Cumulative sums of the numbers of publications on randomized controlled trials and total sample population studied were computed by country and city.

The computer-generated maps were created using Tableau visual data analysis software (Seattle, WA). The cumulative sample sizes studied per city were imported into the mapping software. The software graphically represented the value as a circle at the geographical location of the city, with the area of the circle proportional to the numerical value of cumulative sample size at that city. The values of the enrollment ratio were similarly imported into the mapping software. The software assigned each country a color on a scale from light to dark proportionally representing the above values, with darker colors indicating greater values.


Literature search

The systematic search using Ovid in both the EMBASE and MEDLINE databases identified 3,153 citations. Initial review of titles and abstracts allowed us to remove of 2,837 studies. Final review of the remaning 326 full articles led to removal of another 127 articles. The reasons for removal are given in Figure 1. Following full review, 199 articles met our inclusion criteria and were included in the analysis (Figure 1).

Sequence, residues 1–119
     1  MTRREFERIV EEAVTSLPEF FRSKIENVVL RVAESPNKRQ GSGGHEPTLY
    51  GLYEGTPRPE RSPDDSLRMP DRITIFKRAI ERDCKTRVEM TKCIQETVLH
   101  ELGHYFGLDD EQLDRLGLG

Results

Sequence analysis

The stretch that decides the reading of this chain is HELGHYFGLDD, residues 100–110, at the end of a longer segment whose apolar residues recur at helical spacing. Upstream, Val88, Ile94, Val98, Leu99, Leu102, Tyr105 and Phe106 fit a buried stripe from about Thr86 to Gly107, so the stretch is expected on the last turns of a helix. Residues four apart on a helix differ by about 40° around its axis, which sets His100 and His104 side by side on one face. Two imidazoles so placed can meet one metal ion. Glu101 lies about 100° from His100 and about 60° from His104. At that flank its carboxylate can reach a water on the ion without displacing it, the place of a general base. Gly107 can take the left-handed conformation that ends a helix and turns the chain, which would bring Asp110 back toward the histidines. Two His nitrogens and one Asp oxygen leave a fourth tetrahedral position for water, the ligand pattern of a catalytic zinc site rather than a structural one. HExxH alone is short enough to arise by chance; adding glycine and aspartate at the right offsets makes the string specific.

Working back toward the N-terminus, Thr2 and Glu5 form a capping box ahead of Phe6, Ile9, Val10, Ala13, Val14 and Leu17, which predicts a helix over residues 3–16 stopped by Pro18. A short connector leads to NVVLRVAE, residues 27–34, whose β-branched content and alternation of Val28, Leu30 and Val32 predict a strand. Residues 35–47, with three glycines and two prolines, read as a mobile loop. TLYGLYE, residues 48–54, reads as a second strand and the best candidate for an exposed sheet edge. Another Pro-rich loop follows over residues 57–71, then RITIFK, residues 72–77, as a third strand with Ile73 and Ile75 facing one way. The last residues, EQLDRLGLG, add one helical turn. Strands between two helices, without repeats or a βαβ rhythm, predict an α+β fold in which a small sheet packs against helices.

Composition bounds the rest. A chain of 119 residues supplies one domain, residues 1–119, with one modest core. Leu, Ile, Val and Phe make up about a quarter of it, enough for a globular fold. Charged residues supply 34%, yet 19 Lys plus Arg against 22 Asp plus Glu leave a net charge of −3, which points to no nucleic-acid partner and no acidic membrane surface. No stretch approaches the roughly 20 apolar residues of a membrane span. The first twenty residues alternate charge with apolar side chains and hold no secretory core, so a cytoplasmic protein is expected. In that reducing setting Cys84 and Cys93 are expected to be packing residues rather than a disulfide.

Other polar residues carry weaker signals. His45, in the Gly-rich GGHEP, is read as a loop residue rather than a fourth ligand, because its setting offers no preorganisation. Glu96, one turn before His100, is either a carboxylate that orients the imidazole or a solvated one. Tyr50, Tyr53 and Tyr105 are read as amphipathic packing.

Figure 1.
Summary of the literature search and inclusion/exclusion process.

Characteristics of eligible trials

The 199 randomized, controlled surgical trials on hip fracture covered 29,119 hip fractures. The majority of these studies were quite recent, with half of them published from 2000 to the present, and one third between 1990 and 1999 (Table 1). Four-fifths of the surgical interventions studied compared implants, though some studies investigated implant modifiers, placement techniques, and general surgical techniques. Single-center trials vastly outnumbered multicenter trials. Of the 199 trials, 24 were multicenter trials.

Table 1.
Summary of study characteristics of surgical hip fracture trials in our systematic review

Geographic distribution of surgical trials